Imagine you fled your home due to violence and have been living in exile in a refugee camp for over ten years. Now, your life is about to change again. After many months of interviews and screenings…and more months of waiting, you have received notice that you and your family are to be resettled to the United States…to a place called, Sioux Falls.
Who will be there to welcome you?
Who will walk alongside, helping to navigate this foreign culture and journey with you towards integration?
Who will empower and equip you for a life of self-sufficiency and independence?
In this series, I am pleased to introduce readers to some of the direct service staff at the Center for New Americans who do this work of welcoming.
Ljiljana considers herself a Bosnian, growing up in Sarajevo, which was part of Yugoslavia at the time. Describing an early life of multi-culturalism, American music and movies, discos, and shopping trips to Italy, Ljiljana studied philosophy and English language and literature at the University of Sarajevo. In 1992 the Bosnian War began and after surviving three and half years of war, including the besiegement of her home, Ljiljana fled to Croatia before being resettled to Chicago. She moved to Sioux Falls in August 1996 to work as a case manager with LSS, which had started resettling Bosnians in 1994.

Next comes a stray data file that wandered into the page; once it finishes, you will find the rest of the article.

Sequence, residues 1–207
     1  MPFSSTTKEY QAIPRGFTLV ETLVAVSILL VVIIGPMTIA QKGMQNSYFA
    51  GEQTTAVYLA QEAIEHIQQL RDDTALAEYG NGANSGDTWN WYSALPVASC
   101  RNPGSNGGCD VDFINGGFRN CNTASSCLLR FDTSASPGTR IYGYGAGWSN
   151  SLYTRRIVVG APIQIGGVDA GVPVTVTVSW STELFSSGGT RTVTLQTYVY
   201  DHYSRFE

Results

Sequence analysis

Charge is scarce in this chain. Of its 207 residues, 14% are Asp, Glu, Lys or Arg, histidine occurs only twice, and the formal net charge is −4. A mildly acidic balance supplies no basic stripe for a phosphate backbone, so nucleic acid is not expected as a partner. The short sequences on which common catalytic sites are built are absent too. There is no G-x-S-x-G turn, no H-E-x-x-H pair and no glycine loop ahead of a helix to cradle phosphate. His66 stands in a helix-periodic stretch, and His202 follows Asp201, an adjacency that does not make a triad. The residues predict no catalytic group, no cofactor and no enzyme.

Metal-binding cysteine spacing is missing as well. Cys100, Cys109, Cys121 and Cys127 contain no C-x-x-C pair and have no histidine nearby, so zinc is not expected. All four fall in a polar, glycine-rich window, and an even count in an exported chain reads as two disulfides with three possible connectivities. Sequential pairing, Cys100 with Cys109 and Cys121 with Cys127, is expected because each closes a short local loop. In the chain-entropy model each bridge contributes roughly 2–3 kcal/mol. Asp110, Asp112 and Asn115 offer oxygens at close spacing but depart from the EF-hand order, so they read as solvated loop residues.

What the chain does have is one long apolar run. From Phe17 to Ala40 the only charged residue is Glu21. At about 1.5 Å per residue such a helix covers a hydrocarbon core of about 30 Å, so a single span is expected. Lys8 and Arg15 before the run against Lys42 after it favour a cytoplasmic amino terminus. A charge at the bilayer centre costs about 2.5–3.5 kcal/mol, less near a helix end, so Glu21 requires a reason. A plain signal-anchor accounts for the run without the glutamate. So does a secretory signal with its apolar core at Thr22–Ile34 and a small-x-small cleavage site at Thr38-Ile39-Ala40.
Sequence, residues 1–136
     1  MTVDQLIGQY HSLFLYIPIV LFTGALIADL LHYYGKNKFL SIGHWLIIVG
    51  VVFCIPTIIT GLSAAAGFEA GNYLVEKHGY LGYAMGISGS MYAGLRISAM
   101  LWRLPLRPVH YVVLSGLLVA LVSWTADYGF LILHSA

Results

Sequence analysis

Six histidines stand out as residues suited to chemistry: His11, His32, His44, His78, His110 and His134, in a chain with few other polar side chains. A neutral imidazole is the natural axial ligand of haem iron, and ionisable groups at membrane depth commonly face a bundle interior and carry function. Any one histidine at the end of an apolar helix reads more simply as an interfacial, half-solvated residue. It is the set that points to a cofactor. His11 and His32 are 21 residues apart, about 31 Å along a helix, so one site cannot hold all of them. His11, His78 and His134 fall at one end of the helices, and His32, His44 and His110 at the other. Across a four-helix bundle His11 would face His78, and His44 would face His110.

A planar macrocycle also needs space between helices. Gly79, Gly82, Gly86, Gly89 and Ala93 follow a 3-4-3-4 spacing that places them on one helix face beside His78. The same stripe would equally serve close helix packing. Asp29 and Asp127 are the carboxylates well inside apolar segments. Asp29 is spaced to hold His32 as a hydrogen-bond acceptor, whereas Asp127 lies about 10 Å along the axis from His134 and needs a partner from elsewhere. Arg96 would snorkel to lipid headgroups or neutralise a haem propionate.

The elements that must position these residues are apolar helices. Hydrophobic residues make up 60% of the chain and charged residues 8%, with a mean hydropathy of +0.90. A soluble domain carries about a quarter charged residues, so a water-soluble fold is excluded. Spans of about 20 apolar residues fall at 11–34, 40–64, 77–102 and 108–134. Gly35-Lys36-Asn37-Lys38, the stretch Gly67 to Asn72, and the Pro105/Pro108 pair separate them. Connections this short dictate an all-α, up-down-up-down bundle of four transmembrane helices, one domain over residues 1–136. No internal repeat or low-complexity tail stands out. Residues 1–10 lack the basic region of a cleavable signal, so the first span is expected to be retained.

In her current role as a Housing Specialist, Ljiljana finds apartments for newly-arrived refugees and their families before they even set foot on American soil. As you can imagine, this is not an easy task. A lack of available apartments, references, or current employment can be challenging, but Ljiljana feels that often the success of previous clients helps pave a smoother path for newly-arriving clients.
A typical day can include looking for apartments and doing inspections. When securing housing for a refugee family, Ljiljana must take into account many factors such as the composition of the family including the number of members, gender distribution, ages, and any physical disabilities. Her priority is “to get a key” so a family can spend their first night in Sioux Falls in their new home after their long journey to the U.S. But even after this, her work is not done. Through the aid of an interpreter, Ljiljana discusses and reviews lease agreements and does housing orientation soon after arrival.
What motivates her work is her personal experience of arriving in the U.S. as a refugee. “I am a refugee. I still see myself as a refugee…the kindness I received when I arrived…I want to pass it on.”
Thank you, Ljiljana, for sharing your story and work of welcoming with us!